More than any other genre
product, the horror film screams out for interpretation. Scary movies manage to
stimulate strong and varied interpretive reactions because they exploit a very
primal human need: the need to understand and assimilate disturbing anomalous
experiences. If you smell smoke while laying in bed in the middle of the night,
your very survival may depend on the ability to correctly interpret and
adequately respond to this anomalous sensation. If a sudden scream rends the
silence of your normally quiet home, you better be able to interpret it
accurately and do something effective about it. Horror films specialize in the
presentation of anomalous images and sounds. Monsters are anomalies by
definition, and always awaken our innate urge to assimilate their terrifying
abnormalities into the secure community of understandable
It has become commonplace to state that film criticism (or any form of aesthetic criticism) reveals more about the critic than the film being criticized. Since each viewer assimilates a horror film into the world of their own unique personal experience, differences of interpretation abound. Far beyond the intention of a director to convey a specific message, this personal, varied reaction is precisely what keeps certain films alive long after their initial release. Films like Browning's Dracula and Whale's Frankenstein still retain their ability to evoke individual responses by challenging us with their disturbing imagery. They grow beyond their time and place of origin, and, like living beings, take on a significance unforeseen by their creators.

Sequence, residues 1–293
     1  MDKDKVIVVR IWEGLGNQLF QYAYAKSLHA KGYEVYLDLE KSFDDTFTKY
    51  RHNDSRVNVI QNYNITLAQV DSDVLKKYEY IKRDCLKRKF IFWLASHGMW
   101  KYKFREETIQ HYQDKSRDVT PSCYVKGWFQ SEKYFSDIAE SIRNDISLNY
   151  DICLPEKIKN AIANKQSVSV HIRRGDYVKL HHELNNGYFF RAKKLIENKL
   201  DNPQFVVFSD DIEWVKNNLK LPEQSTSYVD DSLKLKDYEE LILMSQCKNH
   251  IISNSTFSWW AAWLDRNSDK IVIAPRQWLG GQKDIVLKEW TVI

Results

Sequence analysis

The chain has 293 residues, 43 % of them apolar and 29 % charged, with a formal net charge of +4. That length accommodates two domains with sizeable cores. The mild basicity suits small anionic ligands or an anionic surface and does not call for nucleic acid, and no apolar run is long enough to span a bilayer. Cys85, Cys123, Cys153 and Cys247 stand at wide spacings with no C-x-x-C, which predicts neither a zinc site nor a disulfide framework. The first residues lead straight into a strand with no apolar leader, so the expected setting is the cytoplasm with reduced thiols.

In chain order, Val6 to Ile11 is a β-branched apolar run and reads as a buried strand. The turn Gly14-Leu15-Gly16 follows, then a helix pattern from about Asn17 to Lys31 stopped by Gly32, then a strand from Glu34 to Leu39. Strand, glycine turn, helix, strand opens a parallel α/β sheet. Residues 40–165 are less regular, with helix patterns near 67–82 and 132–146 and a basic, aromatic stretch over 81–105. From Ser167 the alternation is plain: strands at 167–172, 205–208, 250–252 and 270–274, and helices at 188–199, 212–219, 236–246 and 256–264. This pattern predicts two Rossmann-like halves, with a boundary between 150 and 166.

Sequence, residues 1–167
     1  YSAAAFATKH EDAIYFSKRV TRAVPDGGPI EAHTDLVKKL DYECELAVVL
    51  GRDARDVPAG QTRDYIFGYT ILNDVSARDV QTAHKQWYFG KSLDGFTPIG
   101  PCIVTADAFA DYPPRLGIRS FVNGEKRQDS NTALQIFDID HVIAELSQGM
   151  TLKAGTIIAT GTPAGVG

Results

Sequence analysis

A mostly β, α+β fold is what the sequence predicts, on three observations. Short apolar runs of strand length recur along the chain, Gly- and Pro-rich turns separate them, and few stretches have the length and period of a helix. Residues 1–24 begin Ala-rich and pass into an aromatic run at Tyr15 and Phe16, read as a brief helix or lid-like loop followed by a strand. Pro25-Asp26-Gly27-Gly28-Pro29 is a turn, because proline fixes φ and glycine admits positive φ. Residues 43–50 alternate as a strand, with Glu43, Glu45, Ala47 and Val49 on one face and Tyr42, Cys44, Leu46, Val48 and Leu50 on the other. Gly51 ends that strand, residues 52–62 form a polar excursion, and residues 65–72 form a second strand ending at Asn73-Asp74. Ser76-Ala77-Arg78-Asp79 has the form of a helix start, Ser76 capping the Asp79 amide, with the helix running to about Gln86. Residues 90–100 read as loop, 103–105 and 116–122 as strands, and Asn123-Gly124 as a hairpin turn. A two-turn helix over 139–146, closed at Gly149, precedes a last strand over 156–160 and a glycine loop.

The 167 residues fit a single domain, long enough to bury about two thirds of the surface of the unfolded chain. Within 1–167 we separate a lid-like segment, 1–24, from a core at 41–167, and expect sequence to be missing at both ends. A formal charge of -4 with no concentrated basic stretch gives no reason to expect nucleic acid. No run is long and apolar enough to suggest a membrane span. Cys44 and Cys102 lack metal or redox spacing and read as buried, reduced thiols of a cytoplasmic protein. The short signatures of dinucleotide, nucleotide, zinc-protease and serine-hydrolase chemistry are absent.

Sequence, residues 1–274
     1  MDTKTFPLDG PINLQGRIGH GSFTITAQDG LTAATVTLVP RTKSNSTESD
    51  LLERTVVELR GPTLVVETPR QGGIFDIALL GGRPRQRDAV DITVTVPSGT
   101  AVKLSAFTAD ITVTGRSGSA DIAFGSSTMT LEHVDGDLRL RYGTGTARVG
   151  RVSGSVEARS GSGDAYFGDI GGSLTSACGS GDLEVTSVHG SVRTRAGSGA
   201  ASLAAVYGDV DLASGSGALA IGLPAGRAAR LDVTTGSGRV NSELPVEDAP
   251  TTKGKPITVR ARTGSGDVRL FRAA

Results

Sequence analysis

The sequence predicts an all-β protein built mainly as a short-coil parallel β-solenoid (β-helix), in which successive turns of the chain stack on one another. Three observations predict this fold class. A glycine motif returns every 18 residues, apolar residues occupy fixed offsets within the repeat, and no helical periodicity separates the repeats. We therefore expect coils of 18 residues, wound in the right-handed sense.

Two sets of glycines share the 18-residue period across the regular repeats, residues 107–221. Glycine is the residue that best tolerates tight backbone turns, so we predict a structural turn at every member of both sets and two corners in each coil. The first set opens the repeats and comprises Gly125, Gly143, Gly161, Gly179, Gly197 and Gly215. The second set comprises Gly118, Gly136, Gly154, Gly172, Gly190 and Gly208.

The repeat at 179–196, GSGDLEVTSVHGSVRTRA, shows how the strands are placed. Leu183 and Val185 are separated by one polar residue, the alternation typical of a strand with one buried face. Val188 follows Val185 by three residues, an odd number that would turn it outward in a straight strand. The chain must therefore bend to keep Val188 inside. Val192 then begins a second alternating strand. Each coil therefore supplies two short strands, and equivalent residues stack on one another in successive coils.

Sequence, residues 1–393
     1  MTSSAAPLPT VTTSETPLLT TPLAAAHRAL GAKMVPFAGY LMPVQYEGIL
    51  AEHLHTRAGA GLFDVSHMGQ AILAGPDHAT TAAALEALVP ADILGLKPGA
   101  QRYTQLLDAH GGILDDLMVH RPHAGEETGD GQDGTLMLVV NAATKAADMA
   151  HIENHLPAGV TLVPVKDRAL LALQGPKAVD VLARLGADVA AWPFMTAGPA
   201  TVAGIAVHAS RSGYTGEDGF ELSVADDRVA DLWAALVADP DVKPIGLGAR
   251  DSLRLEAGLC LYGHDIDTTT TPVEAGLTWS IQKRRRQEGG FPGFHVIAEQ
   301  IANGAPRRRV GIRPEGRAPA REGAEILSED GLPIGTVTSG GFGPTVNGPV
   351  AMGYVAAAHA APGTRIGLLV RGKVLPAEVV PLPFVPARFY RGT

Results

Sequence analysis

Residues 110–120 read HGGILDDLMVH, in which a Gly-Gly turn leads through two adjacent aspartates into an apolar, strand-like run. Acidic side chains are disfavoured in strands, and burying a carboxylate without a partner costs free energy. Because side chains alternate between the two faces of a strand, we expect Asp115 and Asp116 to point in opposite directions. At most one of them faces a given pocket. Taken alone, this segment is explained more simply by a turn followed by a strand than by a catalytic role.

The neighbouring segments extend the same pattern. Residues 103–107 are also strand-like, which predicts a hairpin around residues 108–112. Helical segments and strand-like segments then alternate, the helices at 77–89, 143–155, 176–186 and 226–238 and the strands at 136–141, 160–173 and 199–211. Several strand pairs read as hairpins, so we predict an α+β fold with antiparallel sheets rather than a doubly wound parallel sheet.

In this section of The House of Wax you will find essays and artwork inspired by horror films. My interpretations (like all interpretations) are reflections skewed (and perhaps screwed!) by the distorting mirror of my own individual experience. I can only hope that some of the kinks in my reflections match some of the twists in yours!
Tod Browning's Dracula
Learn why this movie is more than just one third worth watching!
Exploding the Self Destruct Lever
Was there really a self destruct lever in Bride of Frankenstein's lab?
Behind The Mask--See Chaney's
Learn why the unmasking sequence still terrifies audiences today!
Meet Dr. Pretorius!
Find out what his real turn-on was!
(Newly Revised for quicker
Read Tarot Cards with James Whale
See how Tarot card symbolism influenced Whale's Frankenstein films!
Return to The House of Wax